You can't even make a goddamned restaurant reservation many places without being tracked somehow these days.

Do you ever buy anything in a store? Unless you only use cash you are being tracked there as well.

Do you ever call a customer service line of any business? You know that statement about "this call may be recorded". Yeah, that's BS. Your call IS being recorded, and turned into speech to text data for collection and analysis, and it's not just for training their customer service representatives.

So no, it's not just about avoiding using social media. It's gotten to the point where it is so pervasive and built into everything that even a conscientious person trying to avoid being tracked could spend every waking hour researching and disabling things and would still be unable to prevent their data from being harvested by someone somewhere. You can't even avoid being tracked by the social media giants by not using social media. They are buying data on you from other sources too to complete their models.

And this article proves the point. Even if you think you are being proactive and disabling location history, you are still being tracked.

You'd literally need to completely go off the grid, not have a bank account and use only cash and become some sort of weirdo hermit.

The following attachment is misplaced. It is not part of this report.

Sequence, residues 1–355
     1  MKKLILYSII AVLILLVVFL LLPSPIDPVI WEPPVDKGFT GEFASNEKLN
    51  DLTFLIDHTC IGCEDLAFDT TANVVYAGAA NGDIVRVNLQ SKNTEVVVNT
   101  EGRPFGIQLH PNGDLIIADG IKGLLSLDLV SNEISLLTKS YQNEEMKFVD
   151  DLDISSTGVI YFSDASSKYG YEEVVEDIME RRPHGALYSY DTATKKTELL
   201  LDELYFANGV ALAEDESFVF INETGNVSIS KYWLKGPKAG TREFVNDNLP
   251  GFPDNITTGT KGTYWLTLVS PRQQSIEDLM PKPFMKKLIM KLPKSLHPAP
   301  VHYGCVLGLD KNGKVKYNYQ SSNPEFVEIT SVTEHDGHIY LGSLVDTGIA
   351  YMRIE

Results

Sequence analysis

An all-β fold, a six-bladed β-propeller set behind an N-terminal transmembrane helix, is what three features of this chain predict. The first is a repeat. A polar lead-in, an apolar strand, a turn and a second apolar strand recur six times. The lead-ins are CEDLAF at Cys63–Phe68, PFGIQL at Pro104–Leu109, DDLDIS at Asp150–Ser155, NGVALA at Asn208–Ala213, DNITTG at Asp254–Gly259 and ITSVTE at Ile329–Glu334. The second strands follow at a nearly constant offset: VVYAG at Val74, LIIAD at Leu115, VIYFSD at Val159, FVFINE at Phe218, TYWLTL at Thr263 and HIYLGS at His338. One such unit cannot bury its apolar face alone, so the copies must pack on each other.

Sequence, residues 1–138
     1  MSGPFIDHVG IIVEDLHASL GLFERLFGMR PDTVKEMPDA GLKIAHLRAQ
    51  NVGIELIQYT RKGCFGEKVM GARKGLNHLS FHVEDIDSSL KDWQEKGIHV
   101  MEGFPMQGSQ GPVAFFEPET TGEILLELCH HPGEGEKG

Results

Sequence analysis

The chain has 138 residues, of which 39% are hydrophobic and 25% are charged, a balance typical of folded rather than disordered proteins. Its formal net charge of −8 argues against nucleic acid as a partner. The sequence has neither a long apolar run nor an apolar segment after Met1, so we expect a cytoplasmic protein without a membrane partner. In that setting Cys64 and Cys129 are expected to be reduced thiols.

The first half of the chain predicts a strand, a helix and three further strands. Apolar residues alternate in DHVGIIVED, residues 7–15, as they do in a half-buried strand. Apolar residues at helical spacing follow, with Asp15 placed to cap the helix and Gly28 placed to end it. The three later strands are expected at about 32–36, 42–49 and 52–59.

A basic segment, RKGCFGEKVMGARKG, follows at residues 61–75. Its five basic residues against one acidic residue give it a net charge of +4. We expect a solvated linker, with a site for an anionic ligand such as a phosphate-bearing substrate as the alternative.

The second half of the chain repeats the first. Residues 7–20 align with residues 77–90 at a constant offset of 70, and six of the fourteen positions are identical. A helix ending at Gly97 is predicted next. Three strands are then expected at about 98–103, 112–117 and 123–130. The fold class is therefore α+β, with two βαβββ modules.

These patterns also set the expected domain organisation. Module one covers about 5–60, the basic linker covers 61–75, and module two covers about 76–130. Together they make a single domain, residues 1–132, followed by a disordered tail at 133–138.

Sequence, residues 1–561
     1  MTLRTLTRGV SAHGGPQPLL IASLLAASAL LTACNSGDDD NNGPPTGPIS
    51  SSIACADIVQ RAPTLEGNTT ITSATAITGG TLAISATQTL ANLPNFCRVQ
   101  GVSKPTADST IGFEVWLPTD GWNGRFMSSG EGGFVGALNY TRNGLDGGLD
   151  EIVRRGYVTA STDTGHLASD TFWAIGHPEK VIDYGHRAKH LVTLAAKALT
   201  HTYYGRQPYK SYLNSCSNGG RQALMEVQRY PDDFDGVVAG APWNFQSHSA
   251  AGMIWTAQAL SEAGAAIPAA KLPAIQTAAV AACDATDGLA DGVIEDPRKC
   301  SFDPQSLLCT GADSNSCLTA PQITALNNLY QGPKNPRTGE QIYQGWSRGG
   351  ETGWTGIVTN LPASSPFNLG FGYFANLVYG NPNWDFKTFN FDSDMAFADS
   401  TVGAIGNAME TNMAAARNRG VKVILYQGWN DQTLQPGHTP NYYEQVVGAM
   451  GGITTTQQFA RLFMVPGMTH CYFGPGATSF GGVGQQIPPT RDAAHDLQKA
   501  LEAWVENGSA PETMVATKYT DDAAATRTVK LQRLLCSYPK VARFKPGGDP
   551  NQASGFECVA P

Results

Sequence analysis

Spidey329

[H]F Junkie
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Messages
8,682
I've known they do this. I don't have location on (saves battery) but I do have their Rewards survey app. They're always asking if I visited X store on Y date. Those seem to correspond to a WiFi map.

I've just assumed they're tracking me constantly with my Pixel2XL.
 
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You don't seem to get it. It's more than just social media. Every single service out there is collecting your data and trying to monetize it these days.

Have a cell phone? Even an old dumb flip phone? Your cell carrier is collecting and monetizing your location and call/text metadata.